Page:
Teachers, leaders, and learners can podcast right from their phones!
2 comment(s) so far...
March 15, 2012 By: Lisa Nielsen
In the busy school day many teachers and leaders don’t feel their schedules allow for the complexities of the equipment and set up necessary for podcasting. But it needn’t be that way. Even the busiest educator can get started quickly and easily with just their cell phone. Because of its ease and simplicity, phone casting has become a popular resource in an educator’s the bag of tricks.
Phone casting provides the ability to easily create and capture an audio broadcast from your phone that can be published and shared. Once you register for your free account, you simply call in to iPadio
, enter your secret code, speak your phone cast and when you hang up, Wah La! You’ve created a phone cast that can be broadcast to the world. What’s more, you can listen to a phone cast from your phone as well.
So how might administrators, teachers, and students use iPadio to enrich leading, teaching, and learning? Here are some ideas.
Use phone casting to serve as a free and easy tool to record and share daily announcements! There are many advantages to doing daily announcements as a phone cast. One advantage is that you can tailor phone casts to specific audiences so as to decrease the amount of instructional time lost. For example you may have your announcements broken down into those for students, staff, and particular groups or teams. Now announcements can be customized and targeted to the right audience. Another advantage is it strengthens the home school connection for family members who may want to stay connected to what is happening at the school. Finally, student or staff who are absent, can still stay connected to what is happening at the school by listening to a phone cast.
Phone casts can be posted directly to your class blog or website. This is what 6th grade language arts and social studies teacher Josh Stumpenhorst does for his class in Naperville, IL. He uses phone casts as a way to share what he and his students are doing. This window into his classroom provides students, their families, and other interested school community members with up to date information about what is being done in class. Students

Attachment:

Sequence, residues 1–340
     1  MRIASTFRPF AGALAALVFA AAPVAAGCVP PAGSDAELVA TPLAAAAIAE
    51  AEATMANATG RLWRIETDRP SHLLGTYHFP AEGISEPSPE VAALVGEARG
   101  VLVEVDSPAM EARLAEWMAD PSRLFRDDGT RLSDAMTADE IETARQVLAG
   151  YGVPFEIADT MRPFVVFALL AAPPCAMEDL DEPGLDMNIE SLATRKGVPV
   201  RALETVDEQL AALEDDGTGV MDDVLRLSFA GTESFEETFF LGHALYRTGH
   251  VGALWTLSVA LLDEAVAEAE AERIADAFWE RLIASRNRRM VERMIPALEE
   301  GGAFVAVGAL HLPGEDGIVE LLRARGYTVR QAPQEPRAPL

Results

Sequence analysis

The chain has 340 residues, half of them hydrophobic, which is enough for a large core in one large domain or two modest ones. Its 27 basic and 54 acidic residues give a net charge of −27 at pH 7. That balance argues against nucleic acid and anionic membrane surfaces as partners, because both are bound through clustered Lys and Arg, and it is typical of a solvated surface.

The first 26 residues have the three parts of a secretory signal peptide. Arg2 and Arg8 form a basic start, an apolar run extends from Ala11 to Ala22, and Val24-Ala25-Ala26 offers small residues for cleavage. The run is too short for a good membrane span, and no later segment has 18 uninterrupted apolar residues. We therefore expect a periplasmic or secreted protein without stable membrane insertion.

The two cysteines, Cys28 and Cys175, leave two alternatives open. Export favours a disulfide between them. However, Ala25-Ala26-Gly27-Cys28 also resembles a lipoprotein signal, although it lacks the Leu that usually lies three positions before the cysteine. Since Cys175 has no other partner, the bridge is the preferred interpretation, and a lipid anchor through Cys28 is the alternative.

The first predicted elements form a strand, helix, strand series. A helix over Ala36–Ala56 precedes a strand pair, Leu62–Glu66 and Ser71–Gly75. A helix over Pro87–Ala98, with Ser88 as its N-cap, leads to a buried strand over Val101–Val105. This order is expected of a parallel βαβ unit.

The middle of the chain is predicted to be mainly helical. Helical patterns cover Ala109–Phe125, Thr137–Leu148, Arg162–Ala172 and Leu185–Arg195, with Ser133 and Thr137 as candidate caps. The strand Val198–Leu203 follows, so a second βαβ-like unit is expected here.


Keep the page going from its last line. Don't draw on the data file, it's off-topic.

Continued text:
At the start of the year, teachers can reach out to their class and ask them to make an “All About Me” phone cast. These can be placed on an “All About Our Class” page of the teacher’s website, blog, or other online space. The teacher may want to guide the students with what they may consider including in the phone cast such as, “What are you most proud of?” “What are you passionate about and how are you pursuing that passion?” “What can/have you done to make the world a better place?” For lower grades where student’s birthday’s are celebrated, this could be a part of the celebration. For older students, activities can be designed for classmates to get to know each other better. For instance, you could ask students to do a scavenger hunt like activity where they need to find 3 people with whom they share something in common and 3 people who they’d like to learn something from based on their “All About Me’s.”
For more ideas about effective ways to use cell phones for learning, including research-based strategies, lessons, and more order Teaching Generation Text.
Lisa Nielsen writes for and speaks to audiences across the globe about learning innovatively and is frequently covered by local and national media for her views on “Passion (not data) Driven Learning,” "Thinking Outside the Ban" to harness the power of technology for learning, and using the power of social media to provide a voice to educators and students. Ms. Nielsen has worked for more than a decade in various capacities to support learning in real and innovative ways that will prepare students for success. In addition to her award-winning blog, The Innovative Educator, Ms. Nielsen’s writing is featured in places such as Huffington Post, Tech & Learning, ISTE Connects, ASCD Wholechild, MindShift, Leading & Learning, The Unplugged Mom, and is the author the book Teaching Generation Text.
Disclaimer: The information shared here is strictly that of the author and does not reflect the opinions or endorsement of her employer.